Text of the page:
In 1926 and again in 1927 the Glee Club won the Intercollegiate championship in the competition held at Carnegie Hall in New York City. In both years our leader was Calvin Kuhl, '27. He was a violinist, had perfect pitch. He led the Jibers also, would listen to a phonograph record, write all four parts on a blackboard and then tell us we were going to sing that piece at the concert that night. In 1928 I succeeded him (not in ability) as leader of the Glee Club. We took fourth place that year. Our coach was Edward H. Laubin, Choirmaster of Hartford's Asylum Hill Church who was made available to us through the generosity of John Spenser Camp, Treasurer of the Austin Organ Company.

The Glee Club traveled almost every weekend by bus to give concerts in nearby cities, schools and Alumni affairs. During Christmas vacation we made longer trips, sometimes by private Pullman car. We sang at the old Waldorf-Astoria in New York, the Philadelphia Cricket Club, the Penn Athletic Club, the Hill School, Wellesley College, and many other places. Many of the concerts were followed by a dance with music by our own orchestra, the Serenaders. It was at one of these in Manchester, Connecticut High School on March 27, 1926 that I was introduced to a young lady by the name of Dagmar Anderson who, beginning with the Prom dance in 1927 was my guest at all subsequent campus dances and in 1931 became my bride.

Program from South Manchester High School - the night they met!

Wesleyan University Eclectic House Prom Dances 1927

Close-up of Howard Matthews & Dagmar Anderson from above photo
The Jibers were in demand.  In addition to singing at all Glee Club concerts, we sang between the halves at basketball games in Fayerweather Gym, traveled with the President to some of the Alumni Clubs, and occasionally made money by singing at banquets. In 1927 we were hired by Travellers Insurance Co. to sing for several weeks on WTIC radio in Hartford. Cal Kuhl did all of the musical arrangements for this. We were paid $20 each plus travel and dinner.

I had been a member of the Olla Podrida (Wesleyan Yearbook) Board in my junior year and in the Spring was elected Editor of the 1928 edition. Later, when I was elected to be leader of the Glee Club for 1928 I had to decide between the two as College Body rules did not permit one person to hold two major posts, so I gave up the Editor post and dropped back to Associate Editor.

The College-wide winter prom and the individual Autumn and Spring fraternity dances were elegant affairs. Prom weekend began on Friday night with a dance and midnight breakfast in Fayerweather Gym. This was a formal affair with printed programs in which each dance with your guest would have been signed up weeks in advance. On the following day, Saturday, each of the 12 fraternities held a dance in its own house (formal dress but cut-in dances) and a tea dance on Sunday afternoon. Thus, as Dagmar says, in those days you had better come equipped with something better than jeans; the girls needed two long gowns for the formal parties, another outfit for the tea dance, plus daytime wear for the athletic games viewed in daytime hours.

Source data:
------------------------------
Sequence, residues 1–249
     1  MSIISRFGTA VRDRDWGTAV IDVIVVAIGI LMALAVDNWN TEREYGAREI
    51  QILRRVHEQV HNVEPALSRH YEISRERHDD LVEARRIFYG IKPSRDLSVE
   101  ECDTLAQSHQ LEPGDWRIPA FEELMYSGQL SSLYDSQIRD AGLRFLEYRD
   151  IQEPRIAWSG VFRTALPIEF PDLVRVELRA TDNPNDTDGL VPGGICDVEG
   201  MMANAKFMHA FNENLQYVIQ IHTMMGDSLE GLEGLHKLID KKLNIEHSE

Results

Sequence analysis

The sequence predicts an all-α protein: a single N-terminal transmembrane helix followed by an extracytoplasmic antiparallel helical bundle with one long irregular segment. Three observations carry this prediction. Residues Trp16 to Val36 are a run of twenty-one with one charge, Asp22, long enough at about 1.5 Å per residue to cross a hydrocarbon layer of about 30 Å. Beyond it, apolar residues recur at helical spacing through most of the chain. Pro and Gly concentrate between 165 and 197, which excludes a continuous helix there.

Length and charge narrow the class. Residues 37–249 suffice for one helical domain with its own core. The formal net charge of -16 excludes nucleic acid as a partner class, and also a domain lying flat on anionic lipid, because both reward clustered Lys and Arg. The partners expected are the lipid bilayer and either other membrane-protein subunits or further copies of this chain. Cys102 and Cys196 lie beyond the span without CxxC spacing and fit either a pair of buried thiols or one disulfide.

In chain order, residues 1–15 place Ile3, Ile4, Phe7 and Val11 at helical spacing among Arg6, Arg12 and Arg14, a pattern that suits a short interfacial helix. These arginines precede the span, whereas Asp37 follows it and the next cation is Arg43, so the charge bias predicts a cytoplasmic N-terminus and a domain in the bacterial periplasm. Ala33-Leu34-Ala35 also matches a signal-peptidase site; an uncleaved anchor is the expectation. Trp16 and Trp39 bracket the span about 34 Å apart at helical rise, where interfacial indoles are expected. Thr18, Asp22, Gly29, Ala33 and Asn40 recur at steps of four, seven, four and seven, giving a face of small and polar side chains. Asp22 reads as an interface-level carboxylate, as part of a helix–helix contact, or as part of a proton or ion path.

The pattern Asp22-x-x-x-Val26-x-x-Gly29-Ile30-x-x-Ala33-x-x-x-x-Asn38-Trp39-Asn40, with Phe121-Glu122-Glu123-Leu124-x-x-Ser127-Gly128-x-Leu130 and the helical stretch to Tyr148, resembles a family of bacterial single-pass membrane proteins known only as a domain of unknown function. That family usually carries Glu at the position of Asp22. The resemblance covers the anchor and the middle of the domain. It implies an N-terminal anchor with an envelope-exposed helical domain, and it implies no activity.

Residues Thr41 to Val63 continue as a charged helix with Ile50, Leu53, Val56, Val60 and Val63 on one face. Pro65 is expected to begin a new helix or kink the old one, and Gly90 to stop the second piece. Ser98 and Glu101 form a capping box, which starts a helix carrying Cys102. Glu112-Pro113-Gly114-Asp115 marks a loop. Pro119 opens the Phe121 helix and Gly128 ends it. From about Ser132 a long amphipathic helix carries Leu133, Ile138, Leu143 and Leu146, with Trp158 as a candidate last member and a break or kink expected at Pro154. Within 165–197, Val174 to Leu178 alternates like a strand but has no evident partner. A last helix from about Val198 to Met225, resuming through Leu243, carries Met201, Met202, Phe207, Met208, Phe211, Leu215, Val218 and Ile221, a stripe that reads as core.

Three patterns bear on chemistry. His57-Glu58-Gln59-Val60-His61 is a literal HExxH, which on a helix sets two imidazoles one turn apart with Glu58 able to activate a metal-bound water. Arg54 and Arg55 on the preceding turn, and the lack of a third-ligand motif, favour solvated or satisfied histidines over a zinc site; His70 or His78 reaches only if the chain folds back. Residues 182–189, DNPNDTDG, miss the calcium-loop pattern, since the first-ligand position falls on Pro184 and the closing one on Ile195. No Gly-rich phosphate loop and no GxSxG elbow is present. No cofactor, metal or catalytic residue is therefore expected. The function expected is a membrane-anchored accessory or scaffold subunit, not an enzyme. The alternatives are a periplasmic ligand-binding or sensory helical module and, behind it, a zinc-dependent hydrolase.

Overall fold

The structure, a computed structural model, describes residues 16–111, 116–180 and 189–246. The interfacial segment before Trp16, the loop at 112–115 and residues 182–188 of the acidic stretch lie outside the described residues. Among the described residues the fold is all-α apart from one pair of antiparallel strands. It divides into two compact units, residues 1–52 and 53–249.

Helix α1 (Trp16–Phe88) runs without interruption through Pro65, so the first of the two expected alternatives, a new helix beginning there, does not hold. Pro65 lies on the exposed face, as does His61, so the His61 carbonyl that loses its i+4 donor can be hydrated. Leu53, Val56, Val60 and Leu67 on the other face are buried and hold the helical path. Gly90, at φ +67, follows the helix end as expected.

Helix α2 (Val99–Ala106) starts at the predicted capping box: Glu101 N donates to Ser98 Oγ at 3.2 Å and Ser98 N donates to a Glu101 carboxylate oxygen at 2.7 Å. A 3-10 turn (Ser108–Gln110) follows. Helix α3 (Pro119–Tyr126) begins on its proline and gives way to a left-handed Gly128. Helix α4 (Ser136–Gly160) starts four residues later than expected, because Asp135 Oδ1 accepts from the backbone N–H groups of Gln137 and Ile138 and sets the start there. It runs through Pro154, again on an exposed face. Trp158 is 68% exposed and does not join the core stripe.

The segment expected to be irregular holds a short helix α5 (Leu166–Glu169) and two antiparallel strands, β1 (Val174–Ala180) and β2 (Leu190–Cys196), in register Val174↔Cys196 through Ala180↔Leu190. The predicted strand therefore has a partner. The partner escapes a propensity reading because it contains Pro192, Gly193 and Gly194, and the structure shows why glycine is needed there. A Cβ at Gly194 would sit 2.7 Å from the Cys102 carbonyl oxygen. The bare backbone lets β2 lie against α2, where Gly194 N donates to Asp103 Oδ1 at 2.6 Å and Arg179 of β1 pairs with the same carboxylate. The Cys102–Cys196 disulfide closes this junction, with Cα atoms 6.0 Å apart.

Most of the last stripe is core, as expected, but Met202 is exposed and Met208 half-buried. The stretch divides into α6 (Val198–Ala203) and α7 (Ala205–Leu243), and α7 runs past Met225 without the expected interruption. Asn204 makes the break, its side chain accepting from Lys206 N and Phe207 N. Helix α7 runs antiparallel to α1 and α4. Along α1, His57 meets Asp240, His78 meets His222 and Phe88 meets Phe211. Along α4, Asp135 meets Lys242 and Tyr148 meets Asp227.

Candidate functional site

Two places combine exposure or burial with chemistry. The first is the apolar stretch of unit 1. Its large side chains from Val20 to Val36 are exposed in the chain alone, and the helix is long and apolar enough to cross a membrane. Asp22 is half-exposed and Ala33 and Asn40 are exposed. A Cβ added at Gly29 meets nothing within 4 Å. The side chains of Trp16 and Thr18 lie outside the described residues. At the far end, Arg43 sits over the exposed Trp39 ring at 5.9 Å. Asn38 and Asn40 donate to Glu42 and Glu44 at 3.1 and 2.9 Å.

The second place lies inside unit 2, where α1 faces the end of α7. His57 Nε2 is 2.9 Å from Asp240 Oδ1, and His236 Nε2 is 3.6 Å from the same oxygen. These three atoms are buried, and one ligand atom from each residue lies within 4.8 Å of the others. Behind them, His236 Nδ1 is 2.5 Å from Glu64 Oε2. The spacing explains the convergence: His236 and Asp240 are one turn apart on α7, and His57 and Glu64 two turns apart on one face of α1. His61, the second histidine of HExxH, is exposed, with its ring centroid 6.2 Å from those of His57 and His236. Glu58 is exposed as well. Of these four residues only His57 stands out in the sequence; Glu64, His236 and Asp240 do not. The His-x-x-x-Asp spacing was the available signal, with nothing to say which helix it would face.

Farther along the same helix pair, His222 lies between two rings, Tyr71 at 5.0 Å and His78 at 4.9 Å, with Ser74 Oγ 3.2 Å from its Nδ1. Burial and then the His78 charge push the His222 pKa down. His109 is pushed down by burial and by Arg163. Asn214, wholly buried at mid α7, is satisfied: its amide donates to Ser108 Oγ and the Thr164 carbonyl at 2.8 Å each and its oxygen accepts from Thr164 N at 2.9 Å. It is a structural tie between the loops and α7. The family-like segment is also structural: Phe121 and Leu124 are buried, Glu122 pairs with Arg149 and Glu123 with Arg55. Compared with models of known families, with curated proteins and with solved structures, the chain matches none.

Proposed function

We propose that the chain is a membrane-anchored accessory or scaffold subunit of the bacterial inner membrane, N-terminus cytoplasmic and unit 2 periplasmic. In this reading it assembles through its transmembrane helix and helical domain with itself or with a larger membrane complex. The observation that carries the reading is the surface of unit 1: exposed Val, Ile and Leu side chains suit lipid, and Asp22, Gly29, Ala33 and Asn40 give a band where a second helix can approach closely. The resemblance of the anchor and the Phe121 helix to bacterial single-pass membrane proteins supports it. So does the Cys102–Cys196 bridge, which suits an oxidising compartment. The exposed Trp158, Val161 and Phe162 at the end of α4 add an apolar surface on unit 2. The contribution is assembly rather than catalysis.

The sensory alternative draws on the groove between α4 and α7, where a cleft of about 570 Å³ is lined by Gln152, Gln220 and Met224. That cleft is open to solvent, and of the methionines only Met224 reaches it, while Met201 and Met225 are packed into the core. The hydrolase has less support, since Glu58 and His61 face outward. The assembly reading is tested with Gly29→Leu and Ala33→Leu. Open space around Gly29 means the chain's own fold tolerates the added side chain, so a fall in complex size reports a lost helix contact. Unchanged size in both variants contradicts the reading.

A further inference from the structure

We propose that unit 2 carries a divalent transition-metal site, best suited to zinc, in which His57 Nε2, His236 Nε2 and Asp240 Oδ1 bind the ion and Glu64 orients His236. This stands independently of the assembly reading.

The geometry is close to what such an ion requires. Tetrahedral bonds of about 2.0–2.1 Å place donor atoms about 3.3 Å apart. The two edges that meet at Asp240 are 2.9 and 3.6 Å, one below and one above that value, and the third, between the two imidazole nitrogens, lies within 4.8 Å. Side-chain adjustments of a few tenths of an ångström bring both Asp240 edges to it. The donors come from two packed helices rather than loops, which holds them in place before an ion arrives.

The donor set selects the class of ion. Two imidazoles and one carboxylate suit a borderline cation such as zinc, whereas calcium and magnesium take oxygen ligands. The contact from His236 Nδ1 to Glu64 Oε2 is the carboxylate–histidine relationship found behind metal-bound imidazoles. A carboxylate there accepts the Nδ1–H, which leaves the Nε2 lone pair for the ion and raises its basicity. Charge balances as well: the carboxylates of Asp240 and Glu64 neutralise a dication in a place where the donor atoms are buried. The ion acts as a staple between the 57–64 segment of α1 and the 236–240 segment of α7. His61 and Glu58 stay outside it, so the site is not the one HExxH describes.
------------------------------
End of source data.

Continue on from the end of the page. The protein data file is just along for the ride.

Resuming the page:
For the Prom weekend the men vacated their fraternity houses and turned them over to their female guests and chaperones. No men permitted above the first floor. The men moved in with the lower classmen in the college dormitories. For the Autumn and Spring dances the female guests were put up overnight in faculty and neighbor's homes. Meals were served in the fraternity houses and there was much singing.

It is sad to me that having lived a very productive, interesting and accomplished life, my grandfather was still bothered by Glee Clubs 4th place finish in 1928 almost 60 years later.  Letters from their coach, sponsor and the Alumni Association speak to their excellent performance that night and the opinion of many that they should have placed in 1st or 2nd.  He kept them, but they don't seem to have helped in healing that wound.  Wesleyan did release about a dozen Glee Club performances on cassette tape some years ago and I was also able to find them online.  They did include two performances from my father's time in the Wesleyan Glee Club, but not from my grandfather's. I wonder if the Wes library would have them?

Saturday, March 14, 2015

Sepia Saturday #270 - Dogs

It has been a while since I have dropped in on Sepia Saturday in time to find a theme in which I could participate.  Among this week's themes is "dogs".

Since buying my new scanner in December I have been scanning my fathers multitude of slides (18 carousels and some loose.)  At the moment I am rescanning the first carousel which I originally scanned six years ago with my first slide scanner.  This scanner is orders of magnitude better than the other one so it is definitely worth the effort.